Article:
which he found among some old rubbish in Tnaity rnlhir, 
soon after he became president. He also affirms, that Br. 
Harris told several most glaringfalsehoods, with a view In 
secure the money to himself*. Though our documents wffl 
not afford us materials for a complete refutation of the«e 
charges ; yet the whole of what is asserted, and especiallyjlhe 
worst part of it, is so contrary to the uniform spirit and 
deportment of this learned and pious divine, that the account, 
appears extremely suspicious, and only designed to reproach 
the memory of the puritans.} 

Dr. Harris's last will and testament contains much excel* 
lent adiace to his wife and numerous children, but is too 
long for our insertion.^ His works came forth at diflfieient 
times, but were afterwards collected and published in one 
volume folio, in 1654. The pious Bishop Wilkins passes, aa 
liigh encomium upon his sermons.|| It doc^ not appear 
whether he was any relation to Dr. John. Harris, whose 
memoir is given in a foregoing article. 

Christopher Feake was first a minister in the esta* 
blished church, afterwards he joined the brethren of the 
separation, espoused the sentiments of the baptbts, became a 
fifth . monarchy-^nan, and was exceedingly zealous in the. 
cause. Edwards, who styles him a great sectary, gives die 

• Clark*! Lives, p. 323. 

f Greer's Examination, toI. ii. p. 898, 299. 

} Wood's AciieDaB Oxod. toI. ii. p. 748. 

Ir Clark's Uves, p. 336—338. f| VfUlkisi on Preaching, p. 8S, 89. 

FEAKE* 909 

following curious and amusing account of him : ** This 
Master Feake, >¥ithin this twelvemonth, was preacher in Lon- 
don, and hath preached many strange and odd things at 
Peter's in Comhill, besides Wool-church, and other places : 
as, for separation from* our assemblies, expressing many 
heterodox things about mixed communion at theiLoitPs 
supper, against maintenance of ministers by uAes ; and, in 
sermons and prayers, hath had many flings at the assembly ; 
butnow is preacher in the town of Hertford, and in AIL-saints, 
the greatest parish and church of that town, being put into a 
sequestrated living by the power of some of the independents. 
As for his carriage at Hertford, where he hath preached since 
last January, it hath been as follows : His preaching and 
praying shews him to he no friend to the assembly, nor to the 
directory; h^ hath never used the Lord's prayer since he 
went thither, but hath preached agunst the use of k as a 
l^rayer. It is observed of him by understanding men, hia 
auditors, that they never heard him appoint <h* sing a paakn ; 
he reads but one chapter, or a piece of a chapter, and hath 
Hot baptized any since his going. One of the committee, a 
Jnslice of peace, put up some articles against him at die 
«88izes at Hertford, to both judges dien on the bendi. The 
"finit was this, ' That God would destroy not only unlawful 
government, but lawful government, not only the abuse, bat 
the use of it; and as he had be^m to destroy it in E^haid, 
«o would he, by raising combustions in the bowels of imuice 
and Spain; and that he would destroy aristocracy in Holland^ 
for toleratii^ arminianism/ When he denied tibe words, one 
being present and asked, affirmed him to have preached ^us ; 
and there are found four oAers, understandiiig men and of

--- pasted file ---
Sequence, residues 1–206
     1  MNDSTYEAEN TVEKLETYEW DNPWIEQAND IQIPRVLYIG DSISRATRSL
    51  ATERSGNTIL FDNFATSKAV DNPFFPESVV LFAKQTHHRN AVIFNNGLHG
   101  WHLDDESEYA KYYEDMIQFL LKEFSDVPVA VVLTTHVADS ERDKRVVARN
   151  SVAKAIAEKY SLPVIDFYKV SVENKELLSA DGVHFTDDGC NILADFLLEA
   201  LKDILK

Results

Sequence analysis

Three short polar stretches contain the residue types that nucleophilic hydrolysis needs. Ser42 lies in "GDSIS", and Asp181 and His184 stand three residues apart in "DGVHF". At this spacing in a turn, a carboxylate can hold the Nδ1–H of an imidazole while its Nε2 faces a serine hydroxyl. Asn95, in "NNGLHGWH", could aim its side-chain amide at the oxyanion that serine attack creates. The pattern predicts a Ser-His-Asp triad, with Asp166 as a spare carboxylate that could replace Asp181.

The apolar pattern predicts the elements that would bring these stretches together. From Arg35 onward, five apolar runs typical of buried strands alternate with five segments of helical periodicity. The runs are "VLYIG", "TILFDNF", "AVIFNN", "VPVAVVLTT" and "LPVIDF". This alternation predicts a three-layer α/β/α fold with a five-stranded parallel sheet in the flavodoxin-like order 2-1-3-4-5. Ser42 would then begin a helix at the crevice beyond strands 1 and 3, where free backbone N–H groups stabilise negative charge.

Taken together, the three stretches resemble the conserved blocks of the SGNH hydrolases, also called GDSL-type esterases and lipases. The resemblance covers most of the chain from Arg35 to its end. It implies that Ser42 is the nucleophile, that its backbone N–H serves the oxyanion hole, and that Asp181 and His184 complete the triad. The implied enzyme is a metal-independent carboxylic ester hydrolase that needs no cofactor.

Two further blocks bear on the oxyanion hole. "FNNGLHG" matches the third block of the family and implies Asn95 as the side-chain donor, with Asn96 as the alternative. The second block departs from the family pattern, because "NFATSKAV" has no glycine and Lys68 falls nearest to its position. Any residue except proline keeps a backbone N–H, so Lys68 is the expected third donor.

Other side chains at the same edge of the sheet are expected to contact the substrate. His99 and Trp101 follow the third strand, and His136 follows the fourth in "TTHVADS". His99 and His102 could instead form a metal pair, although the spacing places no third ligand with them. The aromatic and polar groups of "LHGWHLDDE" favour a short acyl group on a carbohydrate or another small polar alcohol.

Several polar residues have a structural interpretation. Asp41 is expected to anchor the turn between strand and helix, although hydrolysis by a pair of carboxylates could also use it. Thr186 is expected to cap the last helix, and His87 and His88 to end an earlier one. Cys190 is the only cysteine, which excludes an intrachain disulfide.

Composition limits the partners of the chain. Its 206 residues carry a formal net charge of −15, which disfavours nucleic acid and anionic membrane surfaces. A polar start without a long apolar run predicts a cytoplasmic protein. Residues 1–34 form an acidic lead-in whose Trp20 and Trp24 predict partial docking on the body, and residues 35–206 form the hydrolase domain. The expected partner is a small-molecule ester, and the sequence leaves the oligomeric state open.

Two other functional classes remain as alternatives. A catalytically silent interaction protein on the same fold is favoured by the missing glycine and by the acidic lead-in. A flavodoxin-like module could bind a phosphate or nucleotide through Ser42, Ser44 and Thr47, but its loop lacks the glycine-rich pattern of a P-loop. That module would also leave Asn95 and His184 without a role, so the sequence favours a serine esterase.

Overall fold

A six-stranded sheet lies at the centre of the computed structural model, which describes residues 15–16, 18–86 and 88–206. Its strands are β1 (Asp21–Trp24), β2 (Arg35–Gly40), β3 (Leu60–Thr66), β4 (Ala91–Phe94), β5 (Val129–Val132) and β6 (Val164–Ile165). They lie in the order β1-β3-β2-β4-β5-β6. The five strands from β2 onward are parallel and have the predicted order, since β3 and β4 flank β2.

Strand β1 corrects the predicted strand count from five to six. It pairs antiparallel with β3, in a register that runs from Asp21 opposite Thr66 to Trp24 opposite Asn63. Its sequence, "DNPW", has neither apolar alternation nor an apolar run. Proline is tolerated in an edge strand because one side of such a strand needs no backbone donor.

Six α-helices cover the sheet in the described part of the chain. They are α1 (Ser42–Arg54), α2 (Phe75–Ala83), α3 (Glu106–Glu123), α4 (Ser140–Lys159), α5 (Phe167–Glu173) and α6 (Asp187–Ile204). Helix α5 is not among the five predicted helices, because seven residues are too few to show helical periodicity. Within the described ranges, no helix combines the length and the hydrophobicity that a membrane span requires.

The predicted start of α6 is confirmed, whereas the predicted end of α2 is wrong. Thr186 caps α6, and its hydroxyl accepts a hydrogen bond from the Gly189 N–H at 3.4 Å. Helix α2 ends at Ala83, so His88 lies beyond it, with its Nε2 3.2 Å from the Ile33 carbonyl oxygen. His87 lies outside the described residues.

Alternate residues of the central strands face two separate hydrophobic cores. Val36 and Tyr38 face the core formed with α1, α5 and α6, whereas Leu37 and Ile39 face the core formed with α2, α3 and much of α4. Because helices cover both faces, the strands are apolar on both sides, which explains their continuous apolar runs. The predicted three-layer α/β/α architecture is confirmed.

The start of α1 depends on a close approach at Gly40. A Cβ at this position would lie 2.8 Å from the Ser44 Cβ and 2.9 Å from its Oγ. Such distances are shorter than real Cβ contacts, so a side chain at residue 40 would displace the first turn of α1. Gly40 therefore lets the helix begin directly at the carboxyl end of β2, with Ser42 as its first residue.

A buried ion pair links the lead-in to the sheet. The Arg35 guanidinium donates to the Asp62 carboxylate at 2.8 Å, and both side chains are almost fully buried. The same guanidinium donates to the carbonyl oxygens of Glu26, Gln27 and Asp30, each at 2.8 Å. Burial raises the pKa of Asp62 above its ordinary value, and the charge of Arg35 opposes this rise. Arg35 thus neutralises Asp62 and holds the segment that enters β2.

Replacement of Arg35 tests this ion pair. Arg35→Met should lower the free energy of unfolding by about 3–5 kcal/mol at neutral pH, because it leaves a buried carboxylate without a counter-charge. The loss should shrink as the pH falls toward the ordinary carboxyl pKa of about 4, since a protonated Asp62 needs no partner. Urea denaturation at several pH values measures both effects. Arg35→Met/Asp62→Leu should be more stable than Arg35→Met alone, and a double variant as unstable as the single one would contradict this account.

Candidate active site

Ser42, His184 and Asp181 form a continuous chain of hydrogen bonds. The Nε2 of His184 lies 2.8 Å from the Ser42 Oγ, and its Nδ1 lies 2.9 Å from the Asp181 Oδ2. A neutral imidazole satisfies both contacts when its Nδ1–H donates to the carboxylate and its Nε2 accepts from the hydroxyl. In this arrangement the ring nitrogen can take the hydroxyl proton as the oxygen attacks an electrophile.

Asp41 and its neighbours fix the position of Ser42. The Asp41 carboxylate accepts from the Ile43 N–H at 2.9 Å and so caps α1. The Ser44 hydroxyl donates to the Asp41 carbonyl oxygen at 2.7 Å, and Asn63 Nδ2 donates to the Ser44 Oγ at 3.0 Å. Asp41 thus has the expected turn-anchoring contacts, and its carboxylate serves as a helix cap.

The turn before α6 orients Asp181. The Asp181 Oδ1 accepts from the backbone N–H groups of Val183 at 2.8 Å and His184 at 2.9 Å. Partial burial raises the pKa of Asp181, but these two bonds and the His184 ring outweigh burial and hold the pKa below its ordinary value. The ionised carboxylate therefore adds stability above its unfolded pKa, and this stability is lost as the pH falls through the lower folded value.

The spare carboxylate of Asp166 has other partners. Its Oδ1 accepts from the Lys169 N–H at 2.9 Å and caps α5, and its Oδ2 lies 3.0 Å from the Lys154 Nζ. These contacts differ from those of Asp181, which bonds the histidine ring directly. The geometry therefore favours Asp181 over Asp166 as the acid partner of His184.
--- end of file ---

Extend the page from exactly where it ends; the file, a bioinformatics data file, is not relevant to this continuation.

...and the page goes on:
igood worth, who will testify the same. When Master Feake 
«iplained himself before the judges, that there was in 
monarchy and aristocracy an enmity against Christ, which he 
would destroy ; and as he was preaching, some turbnlent 
fellows and sectaries clambered up by the bench, and cried 
oat, ' My lord, my lord, Mr. Pr. doth it in malice : we will 
maintain our ipinister with our blood.' Whereupon the 
juitee threw away the paper, and said he would hear no more 
of It, though he had before commanded Master Eldred to> 
read openly all those heterodoxies. The Lord's day follow- 
ing Master Feake in the pulpit endeavoured to answer all 
die articles put up 9gtm»t him to the judges, in m great 

« EAmwH^ GMsrsoa, part iii. p. 81, 147, Ut. 


Upon the sequestration of Mr. )\^illiam Jenkin he became 
minister of Christ's churchy London/ and afterwards one of 
die lecturers at Blackfriars; but was most violent against 
Cromwell's government. He is denominated a bold and 
crafty orator, of high reputation among the anabaptists. He 
preached with great bitterness against the civil administration 
during the commonwealth, but especially against the protec* 
tor, calling him ** the man of sin, the old dragon, and the 
most dissembling and perjured villain in the world;" and 
desired, that if any of his friends were present, they would go 
and tell him what he said.t The protector, therefore, to 
support his own authority, ordered hiufi to be taken into 
custody. He was apprehended in the year iGoS, when he 
was carried before Cromwell and the council, and committed 
prisoner to Windsor-castle4 The baptists, disliking the 
proceedings of goveiiiment, protested against them in t 
work entitled,/' A Declaration of several of the Churclies of 
Christ, and godly people in and about the city of LondoD, 
concemii^ the kingly interest of Christ, and the present 
sufierings of his cause and saints in England,'' 1654. Ib 
this piece they declare, *^ That they value the churches of 
Christ, which are the lot of God's inheritance, a thousand 
times beyond their own lives ; that it is their duty to perse- 
vere therein to the utmost hazard of their lives ; that the Lord 
made them instruments to vex all in his sore displeasure, vi4io 
take counsel against Christ, whom the Lord hath anointed 
and decreed king; and that they were not merely the 
servants of man ; and that they not only proclaimed Jesm 
Christ to be king, but that they would submit to, him alone 
upon his own terms, and admit him only to the exercise of his